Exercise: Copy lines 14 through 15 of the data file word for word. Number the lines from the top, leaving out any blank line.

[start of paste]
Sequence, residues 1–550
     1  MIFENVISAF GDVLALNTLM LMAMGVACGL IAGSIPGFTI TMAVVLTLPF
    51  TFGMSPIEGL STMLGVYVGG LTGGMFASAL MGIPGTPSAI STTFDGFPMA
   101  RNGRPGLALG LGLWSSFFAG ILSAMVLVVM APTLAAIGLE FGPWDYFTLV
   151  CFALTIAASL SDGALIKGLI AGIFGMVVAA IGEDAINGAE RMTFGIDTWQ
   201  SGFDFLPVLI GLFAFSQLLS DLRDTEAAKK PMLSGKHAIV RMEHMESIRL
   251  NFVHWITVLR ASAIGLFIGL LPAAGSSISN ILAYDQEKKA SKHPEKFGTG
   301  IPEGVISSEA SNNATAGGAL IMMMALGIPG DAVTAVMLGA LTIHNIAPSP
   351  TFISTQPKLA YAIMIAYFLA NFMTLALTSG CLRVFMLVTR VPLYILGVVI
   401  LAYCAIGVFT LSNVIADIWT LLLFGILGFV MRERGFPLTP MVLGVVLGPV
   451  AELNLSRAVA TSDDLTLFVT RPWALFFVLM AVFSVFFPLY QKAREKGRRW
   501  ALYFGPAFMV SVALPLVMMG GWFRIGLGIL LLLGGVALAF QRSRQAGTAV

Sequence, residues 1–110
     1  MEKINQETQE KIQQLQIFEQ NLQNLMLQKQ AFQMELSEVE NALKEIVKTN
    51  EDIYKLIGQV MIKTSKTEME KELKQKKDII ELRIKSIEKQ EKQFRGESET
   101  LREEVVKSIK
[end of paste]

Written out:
     1  MEKINQETQE KIQQLQIFEQ NLQNLMLQKQ AFQMELSEVE NALKEIVKTN
    51  EDIYKLIGQV MIKTSKTEME KELKQKKDII ELRIKSIEKQ EKQFRGESET